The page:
LONDON (The Deal) -- European stocks started Tuesday in modestly negative territory following mixed action in Asia overnight. Worries over heightened tension in the Ukraine still simmered, but tech stocks bounced back fromMonday's selloff, with British chip designer ARM Holdings  (ARMH) leading the pack in London, with a bounce back of over 1.3% and mobile phone maker Nokia  (NOK) up 2.9% in Helsinki on news that China's regulators have approved its sale to Microsoft (MSFT), clearing the way for the merger to go ahead this month.

Even the news of a stronger than expected rise in U.K manufacturing in February failed to relieve the wider gloom in London, where financial advisers such as Hargreaves Lansdowne and St. James's Place fell following criticisms of their practices by the Financial Conduct Authority. And Sports Direct -- a pile 'em high sell 'em cheap retailer -- fell 6.6% to 834.5 pence on news that it's controversial founder Mike Ashley sold 200 million pounds ($334 million)  of stock.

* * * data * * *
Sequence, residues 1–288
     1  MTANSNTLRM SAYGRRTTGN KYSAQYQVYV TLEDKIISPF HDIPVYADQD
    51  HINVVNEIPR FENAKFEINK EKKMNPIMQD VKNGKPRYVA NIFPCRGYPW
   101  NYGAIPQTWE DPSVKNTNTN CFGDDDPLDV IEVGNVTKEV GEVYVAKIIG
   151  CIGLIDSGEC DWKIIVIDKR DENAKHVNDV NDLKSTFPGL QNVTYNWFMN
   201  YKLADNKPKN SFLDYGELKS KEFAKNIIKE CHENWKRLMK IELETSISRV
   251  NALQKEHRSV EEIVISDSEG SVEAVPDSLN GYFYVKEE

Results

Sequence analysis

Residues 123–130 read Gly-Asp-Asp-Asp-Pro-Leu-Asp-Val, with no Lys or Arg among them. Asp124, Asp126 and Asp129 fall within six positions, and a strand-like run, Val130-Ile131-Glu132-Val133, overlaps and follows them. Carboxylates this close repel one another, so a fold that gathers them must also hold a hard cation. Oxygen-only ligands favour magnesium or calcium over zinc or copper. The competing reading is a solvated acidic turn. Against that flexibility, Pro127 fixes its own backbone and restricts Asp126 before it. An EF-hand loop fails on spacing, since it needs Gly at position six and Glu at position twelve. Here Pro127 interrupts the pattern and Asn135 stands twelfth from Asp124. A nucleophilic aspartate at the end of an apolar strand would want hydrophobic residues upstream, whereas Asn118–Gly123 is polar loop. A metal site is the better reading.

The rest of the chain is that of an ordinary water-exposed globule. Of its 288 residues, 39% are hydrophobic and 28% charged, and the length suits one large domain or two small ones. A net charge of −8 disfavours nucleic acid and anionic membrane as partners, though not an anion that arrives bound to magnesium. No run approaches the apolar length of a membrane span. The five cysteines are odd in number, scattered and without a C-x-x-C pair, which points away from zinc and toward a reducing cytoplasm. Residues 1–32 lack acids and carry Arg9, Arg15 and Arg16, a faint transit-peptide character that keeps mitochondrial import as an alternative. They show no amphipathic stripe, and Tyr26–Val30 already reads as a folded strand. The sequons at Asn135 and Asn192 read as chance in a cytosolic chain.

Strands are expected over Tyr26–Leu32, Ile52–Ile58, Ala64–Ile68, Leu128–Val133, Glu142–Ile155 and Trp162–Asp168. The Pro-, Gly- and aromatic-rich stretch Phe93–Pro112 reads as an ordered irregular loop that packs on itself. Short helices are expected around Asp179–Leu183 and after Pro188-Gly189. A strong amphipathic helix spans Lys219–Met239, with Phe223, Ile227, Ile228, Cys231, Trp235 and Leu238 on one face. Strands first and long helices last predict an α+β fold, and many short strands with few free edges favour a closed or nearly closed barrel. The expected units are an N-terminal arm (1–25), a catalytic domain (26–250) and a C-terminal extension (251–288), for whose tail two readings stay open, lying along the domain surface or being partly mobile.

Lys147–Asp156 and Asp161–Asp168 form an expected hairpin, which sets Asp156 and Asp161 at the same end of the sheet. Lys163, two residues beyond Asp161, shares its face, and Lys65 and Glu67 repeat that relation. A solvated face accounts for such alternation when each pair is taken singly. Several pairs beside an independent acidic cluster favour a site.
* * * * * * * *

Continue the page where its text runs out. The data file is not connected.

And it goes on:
In Paris, there was speculation that the conglomerate Bouygues SA might sell France's No. 3 wireless services provider to Iliad SA, the No. 4, following its failure to buy Vivendi's SFR wireless at the weekend. That Plan B notion pushed Bouygues up  2.6% to 29.7 euros and Iliad up 1.2% to 201.0 euros. Also in Paris, the world's no. 2 supermarket chain Carrefour S , fell 2.2% to 28.5 euros on news that the Moulin family, which owns the department store Galleries Lafayette, has taken a 6.1% stake.

In London, the FTSE 100 was down 0.56% at 6,585, while in Paris the CAC40 was down 0.52% at 4,413. In Frankfurt, the DAX was down 0.08% at 9,503.

Tokyo's Nikkei225 closed down 1.36% at 14,606.88, after the Bank of Japan held off from further monetary easing. But Hong Kong's Hang Seng index was up almost 1% at 22,596.97, led by mainland Chinese chips, more than recovering from Monday's fall and reflecting hopes of further economic stimulus from Beijing. In China, the Shanghai Composite closed up 1.92% at 2,098.28.